… and I have to go to bed now. :slight_smile:

Cheers

robert

PS: JaordZZ, a book or tutorial about patterns might help. See here for
a start:
http://en.wikipedia.org/wiki/Design_pattern_(computer_science)

On 10.07.2010 01:44, salamond wrote:

Thanks, Robert and Jay.

I started programming with C, not the type of a natural OO programmer.
And yes, the Procedure Oriented way, or function way works fine for
me, almost all the time.

The funny thing is, you can code OO even in a language like C. Of
course it is much easier in a truly OO language but if you look at the C
standard library you can look at it in a OO way in parts. For example
look at syscalls open(), write(), read() and close(). open() returns a
file descriptor (aka object id) and this is what you pass to the other
three methods - pardon: functions - along with more parameters. You can
see read() and write() as ordinary methods and close() as the
destructor. Of course you do not have polymorphism in C but these
functions are definitively a case of encapsulation: you do not really
know (nor do you need to know) what your operating system’s kernel
stores along with the file descriptor and how it performs all those
operations.

So here’s what I’ll try:

  • I have a copy of Design Patterns by “gang of 4”, seldom read, I’ll start now
  • I think if unit testing is what I need, I should go through unit
    testing patterns, see how OO works for a real problem
  • I’ll definately follow your suggestions, see if there’s sign for OO
    in my scripts, (encapsulation, etc).

Sounds like a plan. I am not sure though about the connection you are
doing between unit testing and OO. Although most testing frameworks in
Ruby are in fact object oriented the whole concept of unit testing also
works for non OO code - and a testing framework does not necessarily
need to be OO.

A strategy for finding classes that I find pretty slick is CRC Cards.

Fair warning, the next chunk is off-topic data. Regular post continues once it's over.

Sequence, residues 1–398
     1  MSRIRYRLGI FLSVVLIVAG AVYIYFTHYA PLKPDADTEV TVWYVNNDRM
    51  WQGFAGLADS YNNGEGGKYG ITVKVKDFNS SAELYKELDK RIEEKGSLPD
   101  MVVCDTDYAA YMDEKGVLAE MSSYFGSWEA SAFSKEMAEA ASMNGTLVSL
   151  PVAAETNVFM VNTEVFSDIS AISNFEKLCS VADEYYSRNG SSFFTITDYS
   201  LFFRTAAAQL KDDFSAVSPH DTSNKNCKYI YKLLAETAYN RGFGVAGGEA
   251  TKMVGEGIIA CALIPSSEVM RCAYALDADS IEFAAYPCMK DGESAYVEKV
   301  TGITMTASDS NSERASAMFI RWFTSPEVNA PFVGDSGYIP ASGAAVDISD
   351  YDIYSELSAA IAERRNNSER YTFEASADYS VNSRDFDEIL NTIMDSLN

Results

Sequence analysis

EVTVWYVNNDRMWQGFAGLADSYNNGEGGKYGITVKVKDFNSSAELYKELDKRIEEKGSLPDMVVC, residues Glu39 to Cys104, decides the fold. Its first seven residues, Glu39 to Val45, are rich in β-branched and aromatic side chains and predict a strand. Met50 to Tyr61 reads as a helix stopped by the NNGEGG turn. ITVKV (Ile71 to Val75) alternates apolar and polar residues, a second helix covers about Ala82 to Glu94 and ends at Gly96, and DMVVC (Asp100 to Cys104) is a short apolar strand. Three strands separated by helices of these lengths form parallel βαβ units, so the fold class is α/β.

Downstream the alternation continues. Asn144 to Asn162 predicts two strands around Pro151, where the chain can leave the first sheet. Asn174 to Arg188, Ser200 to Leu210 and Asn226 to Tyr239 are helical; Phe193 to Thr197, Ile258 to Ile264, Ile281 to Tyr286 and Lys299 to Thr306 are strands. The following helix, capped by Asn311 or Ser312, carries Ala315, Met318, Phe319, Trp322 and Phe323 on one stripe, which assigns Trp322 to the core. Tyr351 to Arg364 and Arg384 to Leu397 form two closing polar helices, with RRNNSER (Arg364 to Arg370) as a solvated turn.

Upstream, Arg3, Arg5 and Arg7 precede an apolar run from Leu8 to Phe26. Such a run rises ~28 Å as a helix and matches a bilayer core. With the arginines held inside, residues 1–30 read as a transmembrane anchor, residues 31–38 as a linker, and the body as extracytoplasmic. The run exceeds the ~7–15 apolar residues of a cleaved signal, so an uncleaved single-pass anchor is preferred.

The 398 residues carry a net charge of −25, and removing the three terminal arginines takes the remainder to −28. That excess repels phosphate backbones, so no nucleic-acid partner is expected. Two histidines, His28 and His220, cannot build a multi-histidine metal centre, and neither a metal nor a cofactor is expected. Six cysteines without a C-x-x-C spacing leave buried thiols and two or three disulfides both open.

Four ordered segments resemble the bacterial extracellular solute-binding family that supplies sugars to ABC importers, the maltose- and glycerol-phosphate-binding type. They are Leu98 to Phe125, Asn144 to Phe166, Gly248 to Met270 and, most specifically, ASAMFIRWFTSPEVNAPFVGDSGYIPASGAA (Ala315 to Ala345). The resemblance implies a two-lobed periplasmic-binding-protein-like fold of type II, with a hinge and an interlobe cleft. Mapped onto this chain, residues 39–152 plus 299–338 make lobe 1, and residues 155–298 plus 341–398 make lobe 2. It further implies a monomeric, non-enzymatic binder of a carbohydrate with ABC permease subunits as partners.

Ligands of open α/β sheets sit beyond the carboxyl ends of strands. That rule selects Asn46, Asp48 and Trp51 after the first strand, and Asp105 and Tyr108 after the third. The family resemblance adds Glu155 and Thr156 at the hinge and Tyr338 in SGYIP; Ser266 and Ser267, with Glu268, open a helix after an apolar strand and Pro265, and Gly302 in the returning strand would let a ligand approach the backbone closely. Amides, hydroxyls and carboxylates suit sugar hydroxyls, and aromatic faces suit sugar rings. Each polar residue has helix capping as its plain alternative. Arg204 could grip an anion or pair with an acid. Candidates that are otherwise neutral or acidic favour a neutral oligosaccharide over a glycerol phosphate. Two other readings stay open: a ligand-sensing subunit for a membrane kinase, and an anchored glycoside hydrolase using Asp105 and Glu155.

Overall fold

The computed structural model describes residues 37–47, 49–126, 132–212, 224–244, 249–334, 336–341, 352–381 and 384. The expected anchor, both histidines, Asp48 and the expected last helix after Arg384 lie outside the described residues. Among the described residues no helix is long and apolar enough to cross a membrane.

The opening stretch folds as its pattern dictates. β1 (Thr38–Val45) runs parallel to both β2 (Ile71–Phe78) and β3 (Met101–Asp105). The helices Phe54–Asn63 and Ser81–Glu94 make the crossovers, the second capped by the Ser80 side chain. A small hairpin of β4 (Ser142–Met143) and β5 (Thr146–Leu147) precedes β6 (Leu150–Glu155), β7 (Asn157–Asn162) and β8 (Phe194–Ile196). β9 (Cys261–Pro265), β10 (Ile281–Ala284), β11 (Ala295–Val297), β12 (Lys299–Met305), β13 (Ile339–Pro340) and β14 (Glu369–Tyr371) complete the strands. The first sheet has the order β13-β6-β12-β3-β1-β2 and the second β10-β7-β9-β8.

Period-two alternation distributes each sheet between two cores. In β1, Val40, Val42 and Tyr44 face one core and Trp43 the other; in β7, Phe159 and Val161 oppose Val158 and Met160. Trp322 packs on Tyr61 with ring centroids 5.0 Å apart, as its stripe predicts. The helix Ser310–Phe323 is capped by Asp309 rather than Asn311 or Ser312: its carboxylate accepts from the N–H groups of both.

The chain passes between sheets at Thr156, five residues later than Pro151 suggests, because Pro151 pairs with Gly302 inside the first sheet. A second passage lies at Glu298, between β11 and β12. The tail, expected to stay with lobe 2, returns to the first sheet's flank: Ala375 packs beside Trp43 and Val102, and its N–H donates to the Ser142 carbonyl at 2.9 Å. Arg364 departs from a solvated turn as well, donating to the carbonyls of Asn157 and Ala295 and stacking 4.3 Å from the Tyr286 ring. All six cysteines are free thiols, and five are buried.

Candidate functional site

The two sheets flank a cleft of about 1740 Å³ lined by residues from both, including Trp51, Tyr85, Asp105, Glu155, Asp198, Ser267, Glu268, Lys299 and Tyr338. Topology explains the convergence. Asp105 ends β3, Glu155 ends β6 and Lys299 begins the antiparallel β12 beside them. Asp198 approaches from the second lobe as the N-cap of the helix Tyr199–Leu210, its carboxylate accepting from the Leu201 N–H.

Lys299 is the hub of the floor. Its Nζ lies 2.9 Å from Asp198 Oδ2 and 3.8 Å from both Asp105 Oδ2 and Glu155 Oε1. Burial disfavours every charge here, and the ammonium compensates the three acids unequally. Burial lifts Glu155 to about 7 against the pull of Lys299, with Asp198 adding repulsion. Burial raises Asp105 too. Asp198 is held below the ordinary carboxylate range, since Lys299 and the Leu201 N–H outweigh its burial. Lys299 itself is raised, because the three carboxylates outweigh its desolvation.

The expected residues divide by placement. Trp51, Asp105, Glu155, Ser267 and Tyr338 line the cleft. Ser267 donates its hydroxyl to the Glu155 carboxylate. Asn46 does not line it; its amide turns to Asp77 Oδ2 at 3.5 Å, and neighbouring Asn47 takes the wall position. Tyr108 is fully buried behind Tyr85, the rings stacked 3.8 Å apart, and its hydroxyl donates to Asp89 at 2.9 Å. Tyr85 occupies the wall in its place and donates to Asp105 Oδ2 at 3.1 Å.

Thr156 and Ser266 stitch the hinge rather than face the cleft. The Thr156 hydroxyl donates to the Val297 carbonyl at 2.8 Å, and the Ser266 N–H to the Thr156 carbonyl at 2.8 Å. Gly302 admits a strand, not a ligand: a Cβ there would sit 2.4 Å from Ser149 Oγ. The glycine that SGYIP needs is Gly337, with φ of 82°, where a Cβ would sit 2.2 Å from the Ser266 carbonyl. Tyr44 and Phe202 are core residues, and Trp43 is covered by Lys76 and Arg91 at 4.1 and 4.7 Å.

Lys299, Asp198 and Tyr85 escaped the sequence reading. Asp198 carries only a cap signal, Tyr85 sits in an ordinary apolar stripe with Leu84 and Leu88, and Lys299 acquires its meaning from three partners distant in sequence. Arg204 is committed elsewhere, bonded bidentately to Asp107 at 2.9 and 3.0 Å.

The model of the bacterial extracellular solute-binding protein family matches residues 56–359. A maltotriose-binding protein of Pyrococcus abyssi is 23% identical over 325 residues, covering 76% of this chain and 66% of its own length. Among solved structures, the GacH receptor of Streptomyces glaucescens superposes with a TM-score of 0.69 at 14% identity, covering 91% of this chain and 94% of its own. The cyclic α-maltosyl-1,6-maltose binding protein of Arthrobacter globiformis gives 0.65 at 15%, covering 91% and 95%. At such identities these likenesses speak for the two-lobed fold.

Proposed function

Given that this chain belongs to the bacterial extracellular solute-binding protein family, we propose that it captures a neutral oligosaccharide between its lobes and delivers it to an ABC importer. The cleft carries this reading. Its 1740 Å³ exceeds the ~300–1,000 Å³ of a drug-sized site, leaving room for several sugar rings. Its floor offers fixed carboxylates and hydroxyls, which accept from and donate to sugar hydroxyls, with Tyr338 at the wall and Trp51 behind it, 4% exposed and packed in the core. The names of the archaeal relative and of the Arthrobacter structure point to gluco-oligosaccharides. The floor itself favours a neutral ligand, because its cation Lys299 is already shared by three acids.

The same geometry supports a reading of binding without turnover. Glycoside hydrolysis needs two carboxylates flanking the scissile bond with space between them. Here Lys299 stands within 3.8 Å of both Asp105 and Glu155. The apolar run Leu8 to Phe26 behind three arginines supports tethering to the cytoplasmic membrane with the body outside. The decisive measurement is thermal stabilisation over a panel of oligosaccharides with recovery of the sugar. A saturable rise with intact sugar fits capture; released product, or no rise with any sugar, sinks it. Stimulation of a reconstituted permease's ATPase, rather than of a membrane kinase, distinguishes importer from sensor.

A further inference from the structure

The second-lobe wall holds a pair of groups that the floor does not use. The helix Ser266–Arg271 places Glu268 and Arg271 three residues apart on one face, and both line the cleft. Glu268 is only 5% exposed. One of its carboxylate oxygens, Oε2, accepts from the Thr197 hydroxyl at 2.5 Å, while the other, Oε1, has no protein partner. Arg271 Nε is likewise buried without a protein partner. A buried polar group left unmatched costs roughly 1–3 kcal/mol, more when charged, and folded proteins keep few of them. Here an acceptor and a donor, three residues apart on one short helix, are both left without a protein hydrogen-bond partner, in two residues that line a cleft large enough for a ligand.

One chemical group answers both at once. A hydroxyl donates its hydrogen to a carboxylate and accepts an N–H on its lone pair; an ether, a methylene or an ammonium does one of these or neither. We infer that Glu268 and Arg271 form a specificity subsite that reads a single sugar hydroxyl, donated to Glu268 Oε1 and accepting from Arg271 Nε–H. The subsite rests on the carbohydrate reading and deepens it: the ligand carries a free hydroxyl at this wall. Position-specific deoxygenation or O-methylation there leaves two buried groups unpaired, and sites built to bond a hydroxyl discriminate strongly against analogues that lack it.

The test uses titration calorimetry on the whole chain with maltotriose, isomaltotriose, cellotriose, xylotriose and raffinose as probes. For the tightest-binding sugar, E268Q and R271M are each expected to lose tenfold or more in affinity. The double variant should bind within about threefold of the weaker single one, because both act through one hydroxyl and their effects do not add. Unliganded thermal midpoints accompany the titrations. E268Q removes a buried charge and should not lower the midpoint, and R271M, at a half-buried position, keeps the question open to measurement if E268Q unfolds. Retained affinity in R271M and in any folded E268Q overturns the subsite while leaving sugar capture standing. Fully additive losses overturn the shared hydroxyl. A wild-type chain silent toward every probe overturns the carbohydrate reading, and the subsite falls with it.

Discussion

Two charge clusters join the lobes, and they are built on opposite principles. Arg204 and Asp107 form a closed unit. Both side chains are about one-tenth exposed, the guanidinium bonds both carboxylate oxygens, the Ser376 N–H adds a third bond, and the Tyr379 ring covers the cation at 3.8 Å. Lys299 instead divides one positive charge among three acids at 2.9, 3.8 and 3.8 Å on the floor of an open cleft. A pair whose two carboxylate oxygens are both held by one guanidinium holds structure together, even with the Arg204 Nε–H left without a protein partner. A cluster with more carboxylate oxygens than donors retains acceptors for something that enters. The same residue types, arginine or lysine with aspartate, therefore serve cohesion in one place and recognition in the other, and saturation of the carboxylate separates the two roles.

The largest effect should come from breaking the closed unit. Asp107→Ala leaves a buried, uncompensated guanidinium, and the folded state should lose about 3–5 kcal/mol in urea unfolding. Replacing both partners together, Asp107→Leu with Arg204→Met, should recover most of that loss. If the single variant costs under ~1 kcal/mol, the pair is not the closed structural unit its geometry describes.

This does not have too much overhead and leaves out a lot of detail in
the first step. IMHO that helps concentrating on abstract entities.
http://en.wikipedia.org/wiki/Class-responsibility-collaboration_card

Another book I usually recommend for in depth coverage of OO is OOSC:
http://docs.eiffel.com/book/method/object-oriented-software-construction-2nd-edition

Although it does cover a completely different programming language
(Eiffel) it covers all OO concepts I am aware of in a very minute
manner.

Again, many thanks to you guys.

You’re welcome!

Kind regards

robert

Thanks, Robert and Jay.

I started programming with C, not the type of a natural OO programmer.
And yes, the Procedure Oriented way, or function way works fine for
me, almost all the time.

Until I’m considering adding unit tests to my own scripts.
With the mock pattern, an interface like Cat with a function
“catchRats” is a must to have, then CatImp and CatMock.
That’s how mock works.

That’s where I start thinking, maybe it’s time to OO.

But as you say, it doesn’t have to be OO all the time,
unless there is a specific problem better be solved that way.

So here’s what I’ll try:

  • I have a copy of Design Patterns by “gang of 4”, seldom read, I’ll
    start now
  • I think if unit testing is what I need, I should go through unit
    testing patterns, see how OO works for a real problem
  • I’ll definately follow your suggestions, see if there’s sign for OO
    in my scripts, (encapsulation, etc).

Again, many thanks to you guys.

On Sat, Jul 10, 2010 at 5:15 AM, Robert K.

On Fri, Jul 9, 2010 at 10:15 PM, Robert K.
[email protected]wrote:

The key word for this is “encapsulation”. I believe it is the most